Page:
No, not Selkirk as it eventuated. We didn’t leave Greenlaw all day. Our hosts Phip and Tim arrived back from a trip to Italy in the middle of the night and so the morning found the house humming with their presence, and the kitchen table laid out with a beautifully—presented English breakfast for their houseful of guests – concert-goers Robert and me, and Jeremy and Sue from Somerset.
And the day was filled with the usual activities of their Scottish home and 25 adjoining acres, albeit with Aussie-born cousin Phip (Filmer/Culham) at the helm with husband Tim.
Our having been allotted fantastic gum boots (we cannot do gum boots in Aus – these were really really comfortable, no blisters), there was the dog to walk, chooks and ducks to let out, baby chicks to put back into the chicken coop with their fussing mother, Dexter cows to feed and scratch and fuss over, Tim’s enormous 17h Irish Draft hunting horses to say hello to; sheep to inspect from the bridge across the charming burn over the road.
There were vegetables to collect from the lush and bountiful veggie patch, and moths to catch and squash in the hothouse – but not before their grubs had had their way with the broccoli.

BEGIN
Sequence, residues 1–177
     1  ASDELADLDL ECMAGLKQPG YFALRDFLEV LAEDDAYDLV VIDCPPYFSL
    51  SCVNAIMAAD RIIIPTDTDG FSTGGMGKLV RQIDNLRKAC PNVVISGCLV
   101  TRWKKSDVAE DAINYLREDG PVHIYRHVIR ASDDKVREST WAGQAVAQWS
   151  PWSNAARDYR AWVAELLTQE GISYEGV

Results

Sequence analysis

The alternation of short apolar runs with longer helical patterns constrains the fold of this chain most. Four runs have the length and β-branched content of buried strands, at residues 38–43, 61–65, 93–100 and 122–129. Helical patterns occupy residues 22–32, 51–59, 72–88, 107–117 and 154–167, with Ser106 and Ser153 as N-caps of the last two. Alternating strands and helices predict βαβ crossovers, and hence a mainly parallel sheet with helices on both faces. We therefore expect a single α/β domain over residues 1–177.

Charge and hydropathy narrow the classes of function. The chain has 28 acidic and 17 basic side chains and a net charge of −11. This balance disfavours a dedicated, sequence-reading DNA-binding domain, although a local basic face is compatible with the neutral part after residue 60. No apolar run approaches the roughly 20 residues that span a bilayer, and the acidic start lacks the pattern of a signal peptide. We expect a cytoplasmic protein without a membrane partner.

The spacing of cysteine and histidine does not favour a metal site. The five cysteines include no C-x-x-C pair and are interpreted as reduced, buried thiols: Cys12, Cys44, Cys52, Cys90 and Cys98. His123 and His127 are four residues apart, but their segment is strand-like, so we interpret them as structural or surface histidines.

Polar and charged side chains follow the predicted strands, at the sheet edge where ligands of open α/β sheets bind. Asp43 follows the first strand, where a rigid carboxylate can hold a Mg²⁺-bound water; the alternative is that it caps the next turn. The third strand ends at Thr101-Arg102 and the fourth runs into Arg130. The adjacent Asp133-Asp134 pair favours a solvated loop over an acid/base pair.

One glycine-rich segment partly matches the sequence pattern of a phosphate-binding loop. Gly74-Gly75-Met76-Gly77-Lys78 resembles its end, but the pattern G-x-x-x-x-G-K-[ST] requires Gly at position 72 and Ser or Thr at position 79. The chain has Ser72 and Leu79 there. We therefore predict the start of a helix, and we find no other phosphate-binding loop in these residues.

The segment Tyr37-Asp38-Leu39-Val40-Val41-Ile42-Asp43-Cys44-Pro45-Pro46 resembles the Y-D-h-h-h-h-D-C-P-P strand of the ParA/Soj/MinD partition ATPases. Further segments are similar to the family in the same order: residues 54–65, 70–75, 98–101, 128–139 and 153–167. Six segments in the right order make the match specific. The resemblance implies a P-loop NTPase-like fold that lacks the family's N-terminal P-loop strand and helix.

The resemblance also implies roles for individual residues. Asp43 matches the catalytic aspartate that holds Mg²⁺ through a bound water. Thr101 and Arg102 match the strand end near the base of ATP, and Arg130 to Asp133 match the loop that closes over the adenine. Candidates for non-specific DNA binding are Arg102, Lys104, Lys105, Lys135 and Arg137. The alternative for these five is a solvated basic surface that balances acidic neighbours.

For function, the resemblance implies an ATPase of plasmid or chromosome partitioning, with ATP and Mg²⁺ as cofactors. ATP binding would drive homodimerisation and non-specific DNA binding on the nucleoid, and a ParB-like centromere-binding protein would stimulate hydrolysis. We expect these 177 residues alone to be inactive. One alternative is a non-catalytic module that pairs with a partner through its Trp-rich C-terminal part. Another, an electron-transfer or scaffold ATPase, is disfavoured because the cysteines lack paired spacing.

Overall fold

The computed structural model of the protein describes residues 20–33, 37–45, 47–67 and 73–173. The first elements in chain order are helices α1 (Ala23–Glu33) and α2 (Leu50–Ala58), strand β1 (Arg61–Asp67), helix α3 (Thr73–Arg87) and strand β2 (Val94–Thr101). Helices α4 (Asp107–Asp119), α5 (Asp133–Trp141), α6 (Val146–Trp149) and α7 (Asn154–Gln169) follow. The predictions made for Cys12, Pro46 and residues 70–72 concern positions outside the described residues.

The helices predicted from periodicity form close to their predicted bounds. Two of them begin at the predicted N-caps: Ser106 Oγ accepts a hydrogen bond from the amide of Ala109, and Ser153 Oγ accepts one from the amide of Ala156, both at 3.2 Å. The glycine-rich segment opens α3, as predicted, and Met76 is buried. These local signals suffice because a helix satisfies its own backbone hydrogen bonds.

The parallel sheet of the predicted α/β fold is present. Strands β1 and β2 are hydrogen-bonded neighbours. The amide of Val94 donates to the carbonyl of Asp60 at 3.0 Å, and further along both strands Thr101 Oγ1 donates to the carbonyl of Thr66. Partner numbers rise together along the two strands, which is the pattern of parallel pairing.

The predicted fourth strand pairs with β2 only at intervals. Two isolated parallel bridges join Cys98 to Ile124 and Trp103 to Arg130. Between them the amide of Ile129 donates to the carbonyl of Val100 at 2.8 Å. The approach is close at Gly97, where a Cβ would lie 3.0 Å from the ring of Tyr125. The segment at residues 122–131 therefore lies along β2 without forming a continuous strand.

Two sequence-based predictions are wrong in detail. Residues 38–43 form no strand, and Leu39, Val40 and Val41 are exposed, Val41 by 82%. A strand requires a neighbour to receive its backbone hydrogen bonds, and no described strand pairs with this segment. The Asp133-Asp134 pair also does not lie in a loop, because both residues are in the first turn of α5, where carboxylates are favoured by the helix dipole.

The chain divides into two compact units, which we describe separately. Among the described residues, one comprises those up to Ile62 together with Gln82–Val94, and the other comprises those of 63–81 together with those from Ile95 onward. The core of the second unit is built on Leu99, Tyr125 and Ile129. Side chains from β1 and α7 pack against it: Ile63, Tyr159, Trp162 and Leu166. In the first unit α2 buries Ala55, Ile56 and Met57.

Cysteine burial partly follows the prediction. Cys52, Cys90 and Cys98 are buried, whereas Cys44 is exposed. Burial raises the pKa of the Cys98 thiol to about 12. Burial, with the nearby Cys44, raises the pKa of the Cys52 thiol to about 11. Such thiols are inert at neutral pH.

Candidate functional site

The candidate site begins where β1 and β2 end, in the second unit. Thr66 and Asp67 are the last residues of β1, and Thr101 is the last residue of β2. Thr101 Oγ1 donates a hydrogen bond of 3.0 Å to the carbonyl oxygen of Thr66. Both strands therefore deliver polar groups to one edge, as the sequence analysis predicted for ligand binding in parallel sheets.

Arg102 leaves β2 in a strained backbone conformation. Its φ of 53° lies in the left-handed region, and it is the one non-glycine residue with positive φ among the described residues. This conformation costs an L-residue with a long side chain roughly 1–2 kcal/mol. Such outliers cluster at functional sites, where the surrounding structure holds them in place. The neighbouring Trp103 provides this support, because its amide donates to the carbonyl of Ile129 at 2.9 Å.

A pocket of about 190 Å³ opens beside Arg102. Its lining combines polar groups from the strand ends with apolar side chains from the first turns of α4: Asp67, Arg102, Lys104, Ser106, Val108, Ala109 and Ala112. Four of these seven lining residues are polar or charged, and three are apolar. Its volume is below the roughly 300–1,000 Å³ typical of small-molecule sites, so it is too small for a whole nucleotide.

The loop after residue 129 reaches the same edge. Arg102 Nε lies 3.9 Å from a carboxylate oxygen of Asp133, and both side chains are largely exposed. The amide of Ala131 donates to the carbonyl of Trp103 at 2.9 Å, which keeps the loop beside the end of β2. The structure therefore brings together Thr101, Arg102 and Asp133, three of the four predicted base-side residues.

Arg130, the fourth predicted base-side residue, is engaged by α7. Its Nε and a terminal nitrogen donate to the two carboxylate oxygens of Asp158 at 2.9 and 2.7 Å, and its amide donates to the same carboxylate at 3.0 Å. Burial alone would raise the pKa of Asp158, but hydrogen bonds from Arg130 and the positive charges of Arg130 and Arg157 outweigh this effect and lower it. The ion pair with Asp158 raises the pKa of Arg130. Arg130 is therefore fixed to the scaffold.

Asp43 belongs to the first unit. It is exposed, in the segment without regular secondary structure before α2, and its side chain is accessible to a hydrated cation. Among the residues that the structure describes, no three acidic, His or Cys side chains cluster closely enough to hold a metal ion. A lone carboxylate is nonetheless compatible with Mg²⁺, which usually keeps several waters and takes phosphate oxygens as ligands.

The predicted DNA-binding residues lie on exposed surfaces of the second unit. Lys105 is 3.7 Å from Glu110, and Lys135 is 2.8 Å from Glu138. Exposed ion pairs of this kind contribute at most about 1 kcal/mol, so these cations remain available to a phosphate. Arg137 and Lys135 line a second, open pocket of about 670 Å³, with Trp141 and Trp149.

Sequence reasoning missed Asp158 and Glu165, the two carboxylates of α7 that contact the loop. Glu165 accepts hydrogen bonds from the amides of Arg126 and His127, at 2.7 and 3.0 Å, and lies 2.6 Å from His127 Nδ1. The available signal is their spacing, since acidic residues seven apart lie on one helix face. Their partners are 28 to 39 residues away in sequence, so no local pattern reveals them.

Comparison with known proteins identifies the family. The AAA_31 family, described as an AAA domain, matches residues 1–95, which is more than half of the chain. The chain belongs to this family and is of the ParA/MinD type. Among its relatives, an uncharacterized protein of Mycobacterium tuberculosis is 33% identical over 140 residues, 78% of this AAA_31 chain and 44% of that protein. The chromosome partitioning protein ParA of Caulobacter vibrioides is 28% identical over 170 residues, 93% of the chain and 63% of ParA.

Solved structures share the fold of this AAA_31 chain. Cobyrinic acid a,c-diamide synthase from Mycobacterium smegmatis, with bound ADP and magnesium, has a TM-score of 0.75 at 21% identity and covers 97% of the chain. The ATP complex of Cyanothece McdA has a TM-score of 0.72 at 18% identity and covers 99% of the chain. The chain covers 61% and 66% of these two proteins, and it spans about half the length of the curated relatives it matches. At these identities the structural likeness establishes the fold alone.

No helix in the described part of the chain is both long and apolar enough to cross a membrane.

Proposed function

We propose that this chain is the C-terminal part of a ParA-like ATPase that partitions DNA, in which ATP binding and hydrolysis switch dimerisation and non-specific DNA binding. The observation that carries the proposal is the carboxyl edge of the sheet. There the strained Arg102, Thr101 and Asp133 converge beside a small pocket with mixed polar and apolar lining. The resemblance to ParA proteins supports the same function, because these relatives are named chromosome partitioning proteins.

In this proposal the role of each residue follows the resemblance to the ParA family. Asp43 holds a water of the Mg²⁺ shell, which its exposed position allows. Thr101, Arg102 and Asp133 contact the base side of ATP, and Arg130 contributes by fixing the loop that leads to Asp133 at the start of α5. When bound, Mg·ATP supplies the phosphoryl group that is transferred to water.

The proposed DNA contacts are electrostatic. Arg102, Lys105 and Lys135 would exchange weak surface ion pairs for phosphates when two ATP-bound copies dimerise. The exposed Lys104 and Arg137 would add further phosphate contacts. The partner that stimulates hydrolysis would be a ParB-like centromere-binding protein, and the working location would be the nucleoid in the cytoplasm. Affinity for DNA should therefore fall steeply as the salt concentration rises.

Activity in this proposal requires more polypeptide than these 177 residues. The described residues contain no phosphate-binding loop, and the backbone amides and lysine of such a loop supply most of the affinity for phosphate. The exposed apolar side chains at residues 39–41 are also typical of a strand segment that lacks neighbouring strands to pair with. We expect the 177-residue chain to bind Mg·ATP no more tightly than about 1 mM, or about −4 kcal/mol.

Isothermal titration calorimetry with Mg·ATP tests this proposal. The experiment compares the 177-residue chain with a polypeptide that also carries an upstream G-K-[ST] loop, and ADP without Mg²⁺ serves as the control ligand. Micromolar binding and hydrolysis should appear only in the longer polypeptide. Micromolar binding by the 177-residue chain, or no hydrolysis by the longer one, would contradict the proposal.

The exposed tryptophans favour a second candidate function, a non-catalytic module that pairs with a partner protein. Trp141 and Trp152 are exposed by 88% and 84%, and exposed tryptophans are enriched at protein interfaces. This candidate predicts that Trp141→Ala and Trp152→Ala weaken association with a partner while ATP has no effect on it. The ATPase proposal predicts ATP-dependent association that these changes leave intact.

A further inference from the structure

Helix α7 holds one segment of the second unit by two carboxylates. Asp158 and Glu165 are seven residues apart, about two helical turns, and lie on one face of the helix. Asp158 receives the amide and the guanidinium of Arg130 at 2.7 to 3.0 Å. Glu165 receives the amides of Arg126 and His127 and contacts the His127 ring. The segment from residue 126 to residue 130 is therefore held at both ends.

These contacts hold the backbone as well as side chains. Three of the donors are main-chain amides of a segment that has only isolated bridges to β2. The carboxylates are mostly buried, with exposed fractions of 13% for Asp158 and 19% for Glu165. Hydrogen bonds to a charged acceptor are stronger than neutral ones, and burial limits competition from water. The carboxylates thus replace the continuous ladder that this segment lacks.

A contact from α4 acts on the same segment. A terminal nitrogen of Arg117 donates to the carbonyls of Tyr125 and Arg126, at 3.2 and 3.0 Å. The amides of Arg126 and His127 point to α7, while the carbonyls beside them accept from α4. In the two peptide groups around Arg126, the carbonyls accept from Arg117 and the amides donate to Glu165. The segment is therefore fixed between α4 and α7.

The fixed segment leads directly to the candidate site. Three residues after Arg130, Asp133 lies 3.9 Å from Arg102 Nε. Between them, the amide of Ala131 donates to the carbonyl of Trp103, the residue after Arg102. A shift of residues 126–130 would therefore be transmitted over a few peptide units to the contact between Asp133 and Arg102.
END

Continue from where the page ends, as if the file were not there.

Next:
Meantime Phip cooked a ‘cracking’ pork roast with entirely home-grown veggies – including tatties – for a late lunch and their charming son Toby arrived to eat it with a bunch of Uni mates returning to Stirling University. Great to have an opportunity get an insight into the youth of Scotland.
It has been fabulous this time round in the UK having a car, because we can really truly get into the byroads and countryside and imbibe it totally. It has been fabulous to stay with locals and meet their friends and see their haunts and get a proper understanding of their lives here. We have been so very, very lucky in that respect. Soon we wander off into the unknown and God knows what we will drive right past.
In the meantime Sunday 8th September was spent in the delightful company of Phip and Tim, eating, talking and, after lunch, walking on their friends Peter and Jenny’s farm which featured pheasants by the score fattening up for a November shoot, a hugely deep ‘dean’ or valley with a sparkling burn at the bottom and sheep and badger “lodges” (dugouts like wombat holes) scattered up its sides, and the remains of a bronze-age settlement.